Reposted with thanks to eJewishPhilanthropy.

[Cindy retired earlier this year after spending almost 18 years with the Wexner Foundation. This is the final lecture she gave to the Alumni of The Wexner Graduate Fellowship.]

I grew up in Montreal in an immigrant family — my father was the first to be Canadian born and my extended family continued to live the European experience in Canada. With this background came both incredible stories and huge challenges. I am a product of day school, summer camp, youth movements, like BBYO, and Zionism was part of our family and community DNA.

I knew early in my adolescence that I wanted to work in the Jewish community and aspired to positions of leadership like those peers and counsellors I admired.

Leadership emerges from one’s own life stories — your family, life experiences, coaches, teachers, friends, youth group leaders, counsellors at camp and the best mentors one can find, regardless of gender. Sometimes leadership is strengthened by wanting to prove oneself. In my own personal narrative, I grew up in a family that didn’t believe in praise. Perhaps it had to do with tempting the evil eye, and/or being part of the immigrant experience of pushing the next generation towards success, and not settling for less.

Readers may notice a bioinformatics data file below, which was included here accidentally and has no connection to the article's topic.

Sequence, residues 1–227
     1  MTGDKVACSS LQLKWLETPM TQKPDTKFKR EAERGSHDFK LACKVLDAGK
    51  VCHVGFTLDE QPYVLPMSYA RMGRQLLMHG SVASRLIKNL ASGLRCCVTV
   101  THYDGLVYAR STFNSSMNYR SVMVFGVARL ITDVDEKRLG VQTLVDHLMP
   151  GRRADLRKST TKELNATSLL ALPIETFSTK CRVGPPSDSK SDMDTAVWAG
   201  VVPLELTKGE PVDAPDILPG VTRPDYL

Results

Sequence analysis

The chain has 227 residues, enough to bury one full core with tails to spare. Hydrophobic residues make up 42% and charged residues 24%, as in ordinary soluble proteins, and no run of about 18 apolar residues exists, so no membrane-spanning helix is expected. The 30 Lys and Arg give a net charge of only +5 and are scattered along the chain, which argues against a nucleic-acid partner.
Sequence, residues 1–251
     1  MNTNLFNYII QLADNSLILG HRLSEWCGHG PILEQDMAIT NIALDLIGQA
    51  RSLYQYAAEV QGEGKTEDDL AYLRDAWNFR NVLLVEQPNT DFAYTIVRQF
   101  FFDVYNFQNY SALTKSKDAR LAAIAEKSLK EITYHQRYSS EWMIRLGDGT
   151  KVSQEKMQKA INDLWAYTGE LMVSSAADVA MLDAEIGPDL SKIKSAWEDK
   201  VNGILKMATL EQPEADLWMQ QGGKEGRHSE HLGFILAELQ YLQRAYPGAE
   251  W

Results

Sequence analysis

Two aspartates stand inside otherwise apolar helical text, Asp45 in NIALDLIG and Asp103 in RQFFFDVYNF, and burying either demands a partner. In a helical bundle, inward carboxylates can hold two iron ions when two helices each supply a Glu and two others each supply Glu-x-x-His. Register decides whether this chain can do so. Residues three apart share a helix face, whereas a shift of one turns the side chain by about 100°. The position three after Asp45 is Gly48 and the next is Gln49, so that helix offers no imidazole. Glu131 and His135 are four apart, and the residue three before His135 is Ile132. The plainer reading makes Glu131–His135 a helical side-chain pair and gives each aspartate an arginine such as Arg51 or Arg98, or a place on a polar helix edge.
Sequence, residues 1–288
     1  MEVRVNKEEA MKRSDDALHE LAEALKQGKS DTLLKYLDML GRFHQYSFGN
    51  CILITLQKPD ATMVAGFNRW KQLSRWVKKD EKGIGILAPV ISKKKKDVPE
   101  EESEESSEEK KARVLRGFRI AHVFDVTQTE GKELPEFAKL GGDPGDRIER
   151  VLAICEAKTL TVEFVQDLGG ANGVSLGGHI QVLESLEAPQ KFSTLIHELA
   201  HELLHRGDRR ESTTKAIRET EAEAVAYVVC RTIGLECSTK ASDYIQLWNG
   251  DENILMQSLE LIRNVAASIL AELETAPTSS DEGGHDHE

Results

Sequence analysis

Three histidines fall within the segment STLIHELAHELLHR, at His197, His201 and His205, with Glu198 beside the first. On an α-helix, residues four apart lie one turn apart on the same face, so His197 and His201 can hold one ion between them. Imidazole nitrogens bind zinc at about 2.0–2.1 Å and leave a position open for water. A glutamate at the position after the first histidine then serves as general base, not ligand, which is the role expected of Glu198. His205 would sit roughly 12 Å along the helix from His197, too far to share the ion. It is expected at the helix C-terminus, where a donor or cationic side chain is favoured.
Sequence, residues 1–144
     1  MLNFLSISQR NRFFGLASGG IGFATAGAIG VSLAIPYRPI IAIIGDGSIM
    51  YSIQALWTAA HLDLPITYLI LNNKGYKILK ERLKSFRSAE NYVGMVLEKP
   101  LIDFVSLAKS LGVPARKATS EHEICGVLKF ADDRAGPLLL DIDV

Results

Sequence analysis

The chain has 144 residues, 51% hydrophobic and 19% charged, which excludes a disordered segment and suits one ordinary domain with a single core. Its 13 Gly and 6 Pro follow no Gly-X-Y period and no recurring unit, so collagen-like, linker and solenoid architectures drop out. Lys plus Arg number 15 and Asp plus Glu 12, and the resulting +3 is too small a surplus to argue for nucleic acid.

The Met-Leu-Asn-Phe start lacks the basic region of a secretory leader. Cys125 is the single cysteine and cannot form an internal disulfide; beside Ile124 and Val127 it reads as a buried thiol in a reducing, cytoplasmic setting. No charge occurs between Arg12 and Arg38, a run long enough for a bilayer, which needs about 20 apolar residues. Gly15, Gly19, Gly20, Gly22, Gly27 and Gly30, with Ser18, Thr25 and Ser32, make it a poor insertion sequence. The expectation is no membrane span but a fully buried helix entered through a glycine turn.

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Get To Know The Author

Cindy Chazan retired as Vice President of The Wexner Foundation. In this capacity, she facilitated collaborations among the Wexner leadership constituencies in North America and in Israel, developed partnership communities for the Wexner Heritage Program and engaged Jewish communities in greater leadership development activities. She holds a BA in Jewish Studies from McGill University and an MA in Contemporary Jewish Studies from Brandeis University. As a lay leader, Cindy is a founding Board Member of Advancing Women Professionals and the Jewish Community and is on the Board of the Jewish Funders Network.